Tuesday, September 13, 2011

One small backstep for Google-One giant punch for mankind.

      Once my favorite search engine, Google, has just lost my respect.  With all the money that Google has, why do they have to cut many tools that librarians have come to rely on?  According to typical stock reports, (http://finance.yahoo.com/q/ks?s=GOOG) Google made 33.3 Billion dollars this year, and it has a 36% growth rate predicted.  Now why do they think they have to trim operating expenses?   They have enough cash to bail out a few small European countries and they have chopped, without warning, News Timeline?
      Google announced in August that they were removing the News Timeline from their Google News Archive search page.  And... why?  No explanation? This incredible resource for schools is now MIA.    Here's what it looked like when it was in its fledgling stages in 2009.  As they grew, they added newspaper content that only helped teachers easily navigate primary sources.   They seemed so proud of this new idea when they launched it in 2009.

        Google has just fostered a greater digital divide in America with this decision.  Is it likely that someday the only free content will be fee-based?  Will they cut their Google Books next?  Will Getty images and Reuters be the sole source providers of quality images.   (Shout the wiki media cheer here.  Clap for Creative Commons!)  History has been told in news form and we are likely to see our news sources disappear.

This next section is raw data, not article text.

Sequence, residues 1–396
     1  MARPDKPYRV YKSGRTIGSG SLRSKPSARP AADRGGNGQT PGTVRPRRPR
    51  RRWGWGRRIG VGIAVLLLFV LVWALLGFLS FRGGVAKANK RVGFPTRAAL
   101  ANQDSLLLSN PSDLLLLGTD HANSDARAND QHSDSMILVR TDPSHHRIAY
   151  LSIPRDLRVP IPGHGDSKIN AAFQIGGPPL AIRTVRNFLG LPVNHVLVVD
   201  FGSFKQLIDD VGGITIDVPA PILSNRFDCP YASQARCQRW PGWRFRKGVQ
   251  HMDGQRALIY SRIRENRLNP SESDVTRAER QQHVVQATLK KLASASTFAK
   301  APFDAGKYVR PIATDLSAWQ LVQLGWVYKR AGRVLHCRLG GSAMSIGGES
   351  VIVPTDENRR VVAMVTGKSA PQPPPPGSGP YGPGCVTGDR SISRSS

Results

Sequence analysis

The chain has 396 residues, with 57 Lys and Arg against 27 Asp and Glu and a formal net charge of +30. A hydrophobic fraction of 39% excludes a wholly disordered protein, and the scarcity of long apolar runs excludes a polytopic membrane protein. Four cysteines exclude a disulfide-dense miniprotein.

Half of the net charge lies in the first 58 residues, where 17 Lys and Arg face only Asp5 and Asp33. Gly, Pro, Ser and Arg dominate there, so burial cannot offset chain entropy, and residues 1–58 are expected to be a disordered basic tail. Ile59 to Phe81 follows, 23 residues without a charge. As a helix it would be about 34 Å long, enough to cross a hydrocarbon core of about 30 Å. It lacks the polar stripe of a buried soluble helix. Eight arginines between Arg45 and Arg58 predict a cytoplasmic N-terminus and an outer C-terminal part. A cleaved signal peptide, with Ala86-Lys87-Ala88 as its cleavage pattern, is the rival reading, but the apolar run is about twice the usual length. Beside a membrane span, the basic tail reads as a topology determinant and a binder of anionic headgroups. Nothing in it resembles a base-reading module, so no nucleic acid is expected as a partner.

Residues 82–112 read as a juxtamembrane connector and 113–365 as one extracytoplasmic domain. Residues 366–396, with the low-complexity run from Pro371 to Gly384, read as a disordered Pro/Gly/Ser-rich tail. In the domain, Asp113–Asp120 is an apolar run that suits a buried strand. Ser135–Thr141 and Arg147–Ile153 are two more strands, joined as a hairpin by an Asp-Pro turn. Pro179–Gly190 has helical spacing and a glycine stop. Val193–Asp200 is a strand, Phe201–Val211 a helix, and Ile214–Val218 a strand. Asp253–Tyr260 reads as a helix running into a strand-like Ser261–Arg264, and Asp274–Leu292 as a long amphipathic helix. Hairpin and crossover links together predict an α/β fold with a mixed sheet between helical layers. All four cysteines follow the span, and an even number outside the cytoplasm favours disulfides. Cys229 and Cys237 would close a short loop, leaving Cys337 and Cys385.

Fast forward ten years:  With the demise of print sources, it is likely that many archives will disappear.  Where will quality resources be when they haven't been printed?  At least the small publishers had an opportunity for a big behemoth such as Google to help them archive their print as long as they were printing.   Also on the Google chopping block were: Google Image Swirl, Google Squared and more as mentioned in this Larry Page, Google Post . Now while I understand the rational behind some of the recent chops, the News Timeline was a shock. Visit the Google Lab site and see which applications were casualties and which "graduated."  http://www.googlelabs.com/ 
    While we know the APP market will continue to grow and the computer use will shrink, I believe there is merit to leave valuable products in existence that were for the benefit of mankind.  After all, what else is Google going to do with the $33 billion which will grow to $44 billion next year?    Excuse my soap box, but in education we sincerely appreciated every great free source, Larry Page.  


  1. It is unfortunate to see all these features disappearing. However, I find that the "Timeline" was somewhat unreliable; I always found some recent documents in the 1960s and 70s section of the timeline; sometimes it was just a few, sometimes it was many; I'm not sure how well students would deal with the inconsistency.

    I did find this Google newspaper search which seems not to promise as much as timeline did in theory, but which seems to deliver better on this lesser promise.


  2. Thanks Mark We'll have to check this out. plus ... in the hatchet swinging they cut the custom search tool which many used for newspapers, I understand.